According to Ohio law and customs, the court usually appoints a surviving spouse, an adult child, or the next of kin. When intestate cases occur, it is essential that the appointed executor understand the rules and procedures mandated by Ohio statutes.
Sometimes, the decedent’s financial obligations cause the estate to be insolvent. When this occurs, every party involved in probate, including the executor, the heirs, and creditors, must abide by strict state laws regarding the payment of debts and the distribution of assets.
If you have been named the executor, you will be in charge of these payments. The controlling statutes mandate the order in which interested parties are to be paid, with estate administration costs being the first expense on the list.
Tax issues are among the most complex issues an estate administrator may face. They may need to file income tax returns for the estate. For large estates, an estate administrator must make sure state or federal estate taxes are paid. Resolving estate tax issues may require the aid of an estate administration lawyer.
It requires great care and attention to detail to handle the myriad of duties involved in estate administration. The legal aspect of the process is but one portion of the monumental responsibilities you may face as an appointed executor in Akron and around the state, but it is enormously important.
With our Akron estate administration lawyers working with you, you can proceed with your work knowing that your legal bases are covered and that you are appropriately executing your duties under the law.
When you choose Slater & Zurz, you get a lawyer for estate administration who will:
- Gather and prepare necessary probate documents, including the will
- Begin the probate process by filing the appropriate paperwork
- Appear at probate hearings
- Help navigate the debt-repayment process
- Ensure the proper execution of the will
We will also handle anything else necessary to help you move through probate efficiently.
Many clients have put their faith in us to handle their important estate administration affairs. We have worked with executors on many occasions and under a variety of different circumstances to help them faithfully execute the last will and testament of a decedent and responsibly and efficiently close out their affairs.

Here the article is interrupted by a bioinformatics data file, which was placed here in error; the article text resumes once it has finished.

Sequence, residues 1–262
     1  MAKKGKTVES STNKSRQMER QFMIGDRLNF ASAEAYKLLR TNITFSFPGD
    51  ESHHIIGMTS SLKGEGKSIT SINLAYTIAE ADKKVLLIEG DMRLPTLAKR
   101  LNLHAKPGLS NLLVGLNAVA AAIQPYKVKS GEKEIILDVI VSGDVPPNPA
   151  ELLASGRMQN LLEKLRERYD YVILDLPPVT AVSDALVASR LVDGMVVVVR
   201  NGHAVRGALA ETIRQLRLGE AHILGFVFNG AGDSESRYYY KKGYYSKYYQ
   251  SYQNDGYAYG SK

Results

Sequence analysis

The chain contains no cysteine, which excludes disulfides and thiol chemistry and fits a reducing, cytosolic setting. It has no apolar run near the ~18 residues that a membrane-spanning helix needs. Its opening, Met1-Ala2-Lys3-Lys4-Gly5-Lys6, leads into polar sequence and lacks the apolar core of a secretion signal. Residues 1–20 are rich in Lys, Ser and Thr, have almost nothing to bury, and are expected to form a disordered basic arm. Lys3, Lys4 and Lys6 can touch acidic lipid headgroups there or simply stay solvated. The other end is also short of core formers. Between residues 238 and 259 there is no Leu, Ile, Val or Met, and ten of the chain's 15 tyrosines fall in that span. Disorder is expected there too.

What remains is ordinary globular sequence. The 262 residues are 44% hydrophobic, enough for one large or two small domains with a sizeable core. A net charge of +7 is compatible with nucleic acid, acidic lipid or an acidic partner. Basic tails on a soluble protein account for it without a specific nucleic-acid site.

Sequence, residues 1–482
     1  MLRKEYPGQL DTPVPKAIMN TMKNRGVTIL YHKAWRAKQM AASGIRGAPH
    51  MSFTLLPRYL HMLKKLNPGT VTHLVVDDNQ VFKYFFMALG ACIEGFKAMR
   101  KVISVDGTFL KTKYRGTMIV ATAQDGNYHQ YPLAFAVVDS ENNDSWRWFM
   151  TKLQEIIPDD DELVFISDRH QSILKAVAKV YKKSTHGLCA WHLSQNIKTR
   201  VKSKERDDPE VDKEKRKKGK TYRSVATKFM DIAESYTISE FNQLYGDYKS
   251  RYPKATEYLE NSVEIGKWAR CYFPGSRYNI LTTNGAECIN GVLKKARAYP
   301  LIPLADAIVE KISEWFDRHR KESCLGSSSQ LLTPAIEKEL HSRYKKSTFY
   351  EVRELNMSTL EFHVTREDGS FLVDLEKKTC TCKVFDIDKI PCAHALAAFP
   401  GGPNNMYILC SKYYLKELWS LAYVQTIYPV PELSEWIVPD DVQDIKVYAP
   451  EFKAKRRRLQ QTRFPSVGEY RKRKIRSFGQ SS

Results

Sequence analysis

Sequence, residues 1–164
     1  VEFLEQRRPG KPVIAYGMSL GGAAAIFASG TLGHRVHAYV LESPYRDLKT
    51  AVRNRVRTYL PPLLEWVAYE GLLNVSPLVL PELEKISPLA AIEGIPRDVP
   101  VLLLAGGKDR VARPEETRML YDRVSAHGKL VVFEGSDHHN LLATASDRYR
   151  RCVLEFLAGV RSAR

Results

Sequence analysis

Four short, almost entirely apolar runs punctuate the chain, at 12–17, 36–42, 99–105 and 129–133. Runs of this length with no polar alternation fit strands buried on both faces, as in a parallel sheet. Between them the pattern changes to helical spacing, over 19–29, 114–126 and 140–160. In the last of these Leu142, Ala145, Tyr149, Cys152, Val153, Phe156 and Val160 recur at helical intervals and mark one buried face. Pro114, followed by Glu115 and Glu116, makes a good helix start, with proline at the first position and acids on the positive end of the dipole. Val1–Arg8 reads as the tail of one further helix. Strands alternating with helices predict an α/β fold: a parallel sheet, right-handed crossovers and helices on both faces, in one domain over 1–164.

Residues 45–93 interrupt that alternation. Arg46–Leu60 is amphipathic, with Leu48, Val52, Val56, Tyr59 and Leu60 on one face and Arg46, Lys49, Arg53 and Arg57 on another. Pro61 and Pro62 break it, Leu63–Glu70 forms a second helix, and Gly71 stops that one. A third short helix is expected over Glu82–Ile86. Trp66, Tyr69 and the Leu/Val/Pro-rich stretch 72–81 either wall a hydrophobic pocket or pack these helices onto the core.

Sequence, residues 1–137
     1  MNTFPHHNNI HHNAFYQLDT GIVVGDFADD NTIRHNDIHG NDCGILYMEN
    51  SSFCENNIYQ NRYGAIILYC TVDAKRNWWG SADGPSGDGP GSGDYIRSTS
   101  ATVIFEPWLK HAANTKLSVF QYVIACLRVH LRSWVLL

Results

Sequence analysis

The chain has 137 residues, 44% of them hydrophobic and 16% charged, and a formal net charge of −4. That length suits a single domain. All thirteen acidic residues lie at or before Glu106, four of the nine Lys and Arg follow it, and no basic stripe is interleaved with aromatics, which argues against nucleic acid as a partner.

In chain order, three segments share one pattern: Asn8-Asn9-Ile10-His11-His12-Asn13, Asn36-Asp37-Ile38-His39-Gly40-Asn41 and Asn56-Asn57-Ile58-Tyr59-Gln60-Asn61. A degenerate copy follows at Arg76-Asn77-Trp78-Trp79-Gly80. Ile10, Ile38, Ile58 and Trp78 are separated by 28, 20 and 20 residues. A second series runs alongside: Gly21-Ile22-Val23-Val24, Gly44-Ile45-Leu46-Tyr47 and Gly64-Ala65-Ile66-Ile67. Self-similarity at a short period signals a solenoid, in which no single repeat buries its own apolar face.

We know how delicate and trying this time is for all involved in the estate administration process. As such, we strive to always work toward resolving estate administration issues in a timely manner. We also handle our clients’ concerns with the discretion and sensitivity they deserve.
Feel free to call (330) 762-0700 at any time to consult with a lawyer for estate administration.
If you are dealing with a large estate, a complex will, or any issues that can cause a hiccup in the administration of an estate, then you should seriously consider hiring a lawyer for estate administration in Akron.
Estate administration involves a lot of moving parts; the more there are, the more likely a legal problem will arise. Why not let a seasoned estate administration lawyer handle the legal issues so you can have the support you need as an estate administrator?
In Ohio, strict regulations and guidelines govern the lawyer’s fees in estate administration cases. Generally speaking, lawyer’s fees must be reasonable. Reasonableness in this context is guided by the Ohio Rules of Professional Conduct.
According to these rules, the following factors are used to judge reasonableness in estate administration lawyer fees:
- The time and labor plus the complexity of the case
- The likelihood of being precluded from other employment for accepting the estate administration employment
- Industry-standard fees
- The value of the estate and its final disposition
- Unique time constraints of the case
- The nature of the lawyer’s professional relationship with the client
- The estate administration lawyer’s experience, reputation, and skill
- Pricing structure; i.e., whether contingent or fixed
A close examination of these eight factors will ultimately help determine whether an attorney’s fees are reasonable. Additionally, these fees are paid from the estate and are not the responsibility of the appointed executor.
Contact Slater & Zurz at (330) 762-0700 today to speak with a lawyer in Akron to explore your options and strategies.